I believe someone with more interest in the early Hollywood stars would have been much more into this book. As it was, I have heard the names of some of the stars
Jun 30, 2015 rated it it was ok  ·  review of another edition
This book was very disappointing. I really thought it would be an easier piece to read, but I slogged 20% of the way before I just gave up and then started skimming through the rest of the book.

I think there was really old information in it; however, it didn't appeal to me the way similar books have. Too bad. I started reading this book in May 2015 and would put it aside and come back to it. Finally finished late in July 2015.
Michael Mardel
Dec 30, 2014 rated it liked it
The girls by McLellan was a long-winded expose of two main actresses, namely Garbo and Dietrich. At times I had to look back a page or two to see whom was being talked, especially as the lovers? interrelated. I'm not a film buff so the movies meant little to me. At least I am old enough to remember a few of the stars sprinkled throughout the book. Has the subject of lesbianism been taken out of the closet today? And were these women bisexual with their lavender weddings?
I found the story told utterly fascinating, but there was something about the tone of it, the author's voice, that put me off. While I'm happy to learn more about LGBTI history, it made lesbianism sound like a superficial diversion. Still, the author seems to have done her homework and builds a compelling case that Garbo & Dietrich knew one another.
Jun 10, 2017 rated it really liked it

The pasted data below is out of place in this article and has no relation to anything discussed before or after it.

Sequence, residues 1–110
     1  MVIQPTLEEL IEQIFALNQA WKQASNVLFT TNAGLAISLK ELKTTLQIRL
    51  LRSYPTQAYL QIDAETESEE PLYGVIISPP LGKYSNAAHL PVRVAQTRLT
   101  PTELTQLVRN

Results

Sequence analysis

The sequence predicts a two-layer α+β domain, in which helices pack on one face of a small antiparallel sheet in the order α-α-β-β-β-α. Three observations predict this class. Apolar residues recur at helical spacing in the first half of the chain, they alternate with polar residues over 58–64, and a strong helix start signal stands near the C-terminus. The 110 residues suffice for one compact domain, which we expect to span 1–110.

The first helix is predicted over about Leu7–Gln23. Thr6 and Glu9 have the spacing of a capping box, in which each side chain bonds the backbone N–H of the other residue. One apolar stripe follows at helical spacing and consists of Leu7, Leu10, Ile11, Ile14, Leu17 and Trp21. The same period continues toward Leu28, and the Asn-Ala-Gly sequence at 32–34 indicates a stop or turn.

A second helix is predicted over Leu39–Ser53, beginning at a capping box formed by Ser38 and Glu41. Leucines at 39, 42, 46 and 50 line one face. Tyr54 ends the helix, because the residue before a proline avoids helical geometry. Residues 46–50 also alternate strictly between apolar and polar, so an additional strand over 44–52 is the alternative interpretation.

Shelves: nonfic, nonfic-film
A book you kind of have to take with a grain of salt. McLellan will suggest something that #may# have happened and then continue on from that supposition as if its an obvious proven truth. Specifically focuses on Dietrich and Garbo; other women float in and out of the narrative as they float in and out of the orbit of one or both of the lead players.
May 26, 2007 rated it liked it
Recommends it for: Drag Queens, Perverts and Me.
Everyone needs a little trash on their bookshelf. I, quite frankly, found this book wildly entertaining. Its also an interesting glimpse into the hidden symbols in female gay culture during the first 50 years of the last century. If you like old movies at all you'll love this.
Mar 05, 2014 is currently reading it
Finally picked this book off my shelf and the wind was immediately taken out of my sails reading the acknowledgments. Any author mentioning their "good friend" trash writer David Bret
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English-born Diana McLellan made her bones as a Washington reporter, feature writer, magazine journalist, columnist, critic and editor. (Penney-Missouri Award, Washington-Baltimore Newspaper Guild Front Page Awards for humor; Pulitzer nominee.)

She spent ten years as a gossip columnist, "The Ear", for the Washington Star, Washington Post, and Washington Times. She is the author of "Ear On